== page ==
Gidhagen et al., (2011. p.403) suggest that “providers should inspire users to deploy their knowledge… facilitate interaction among users… [and] attend to users deployment of their knowledge and skills”.In CIMSPA’s case I see significant scope for development. This not only applies to the Linkedin page but also in the wider context of CIMSPA membership engagement. This identification of room for development – rather than a criticism – is an opportunity to harness the value- creation potential of content provided by a keen and willing audience. This audience should not be expected to contribute UGC as an act of faith or a duty; rather they should be stimulated by the actions of CIMSPA to support, encourage and engage with the UGC provided by a highly professional, committed, and willing group of creative collaborators.
Dr Michael Cassop Thompson Ph.D, MBA, DMS, CMS, BA (Hons), BSc, ILAM (DIP), F.IMSPA can be contacted at email@example.com, Linkedin or twitter@Drmct114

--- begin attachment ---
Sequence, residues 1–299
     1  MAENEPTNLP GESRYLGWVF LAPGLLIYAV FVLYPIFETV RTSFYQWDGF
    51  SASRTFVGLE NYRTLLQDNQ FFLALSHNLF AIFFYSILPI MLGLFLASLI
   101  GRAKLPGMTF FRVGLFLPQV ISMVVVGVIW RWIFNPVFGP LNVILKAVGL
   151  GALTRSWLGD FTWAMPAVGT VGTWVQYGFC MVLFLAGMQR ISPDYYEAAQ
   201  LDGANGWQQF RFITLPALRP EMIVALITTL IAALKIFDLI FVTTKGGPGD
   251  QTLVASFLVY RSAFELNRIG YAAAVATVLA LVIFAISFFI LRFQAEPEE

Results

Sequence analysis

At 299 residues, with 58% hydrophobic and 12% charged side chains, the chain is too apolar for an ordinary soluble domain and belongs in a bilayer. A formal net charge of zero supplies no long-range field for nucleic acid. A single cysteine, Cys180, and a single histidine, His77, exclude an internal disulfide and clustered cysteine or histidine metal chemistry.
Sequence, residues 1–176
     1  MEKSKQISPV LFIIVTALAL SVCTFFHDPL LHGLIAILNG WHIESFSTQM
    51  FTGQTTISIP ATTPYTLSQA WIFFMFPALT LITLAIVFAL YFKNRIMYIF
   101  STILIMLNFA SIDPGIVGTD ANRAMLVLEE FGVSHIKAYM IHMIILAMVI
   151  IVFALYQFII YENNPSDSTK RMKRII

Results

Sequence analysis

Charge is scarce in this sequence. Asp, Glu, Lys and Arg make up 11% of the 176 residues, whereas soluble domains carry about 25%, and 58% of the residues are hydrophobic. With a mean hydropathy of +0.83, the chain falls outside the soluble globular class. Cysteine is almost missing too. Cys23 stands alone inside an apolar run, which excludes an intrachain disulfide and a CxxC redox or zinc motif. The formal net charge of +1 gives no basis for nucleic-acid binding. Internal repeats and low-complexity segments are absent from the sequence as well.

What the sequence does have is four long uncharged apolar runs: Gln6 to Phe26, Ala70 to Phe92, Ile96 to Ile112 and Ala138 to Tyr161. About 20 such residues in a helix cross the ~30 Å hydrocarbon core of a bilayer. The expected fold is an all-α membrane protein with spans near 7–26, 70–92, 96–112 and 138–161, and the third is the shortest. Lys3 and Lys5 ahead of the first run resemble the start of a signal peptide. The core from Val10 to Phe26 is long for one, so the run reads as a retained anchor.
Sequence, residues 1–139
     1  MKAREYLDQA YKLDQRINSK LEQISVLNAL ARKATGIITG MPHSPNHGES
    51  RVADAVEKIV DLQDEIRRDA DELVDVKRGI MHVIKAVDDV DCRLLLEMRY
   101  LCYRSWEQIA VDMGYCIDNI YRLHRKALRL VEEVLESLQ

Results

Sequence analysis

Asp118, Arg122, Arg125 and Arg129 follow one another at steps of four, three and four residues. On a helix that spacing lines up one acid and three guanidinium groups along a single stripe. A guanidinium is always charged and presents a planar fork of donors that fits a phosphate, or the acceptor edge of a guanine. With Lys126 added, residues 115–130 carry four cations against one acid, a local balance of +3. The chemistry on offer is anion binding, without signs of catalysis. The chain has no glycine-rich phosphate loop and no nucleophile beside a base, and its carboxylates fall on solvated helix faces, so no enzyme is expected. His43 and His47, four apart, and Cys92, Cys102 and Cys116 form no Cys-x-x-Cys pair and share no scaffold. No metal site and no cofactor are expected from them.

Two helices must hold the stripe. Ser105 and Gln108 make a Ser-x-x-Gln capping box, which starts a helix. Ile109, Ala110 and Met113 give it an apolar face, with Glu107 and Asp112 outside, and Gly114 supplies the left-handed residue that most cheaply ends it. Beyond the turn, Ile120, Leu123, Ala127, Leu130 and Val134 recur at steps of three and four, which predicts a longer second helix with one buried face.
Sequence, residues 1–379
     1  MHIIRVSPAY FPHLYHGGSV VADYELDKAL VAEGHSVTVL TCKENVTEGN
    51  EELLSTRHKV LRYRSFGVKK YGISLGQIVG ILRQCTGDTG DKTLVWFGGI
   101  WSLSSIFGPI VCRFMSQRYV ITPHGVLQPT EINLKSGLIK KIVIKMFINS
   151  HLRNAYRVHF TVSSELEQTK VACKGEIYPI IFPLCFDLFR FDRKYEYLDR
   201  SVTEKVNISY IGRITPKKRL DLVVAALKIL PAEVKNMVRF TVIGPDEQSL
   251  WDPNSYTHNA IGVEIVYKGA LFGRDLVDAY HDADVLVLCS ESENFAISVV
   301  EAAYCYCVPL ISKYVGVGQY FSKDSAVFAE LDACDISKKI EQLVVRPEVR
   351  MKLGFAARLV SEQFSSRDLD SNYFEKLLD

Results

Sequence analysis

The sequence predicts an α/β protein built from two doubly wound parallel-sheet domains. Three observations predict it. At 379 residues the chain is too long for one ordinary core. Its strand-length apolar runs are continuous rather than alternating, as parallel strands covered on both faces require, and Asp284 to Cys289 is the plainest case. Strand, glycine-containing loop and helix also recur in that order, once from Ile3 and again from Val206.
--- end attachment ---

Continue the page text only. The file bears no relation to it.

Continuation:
Chan-Olmsted, S. (2006) Competitive Strategy for media firm: strategic and brand management in changing media markets. New Jersey: Lawrence Erlbaum Associates
Fill, C. (2009) Marketing Communications. Interactivity, Communities and Content. London: Prentice Hal
Finne, A. and Gronroos, C. (2009) “Rethinking marketing communication: From integrated marketing communication to relationship communication” Journal of Marketing Communications. Vol. 15. No. 2-3. pp.179-195
Gidhagen, M. Ridell, O.P. and Sorhammar, D (2011) “The orchestrating firm: value creation in the video game industry” Managing Service Quality. Vol.21. No.4. pp.392-409
Kim, C. Jin, M.H. Kim, J. and Shin, N. (2012) “User Perception of the quality of user generated content” Journal of Electronic Commerce Research. Vol.13. No.4. pp.305- 319
von Hippel, E. (2005) Democratising Innovation. London: MIT Press
The Chartered Institute for the Management of Sport and Physical Activity Linkedin page. (Accessed: 15 February, 2013)available from:
The Leisure Review, February 2013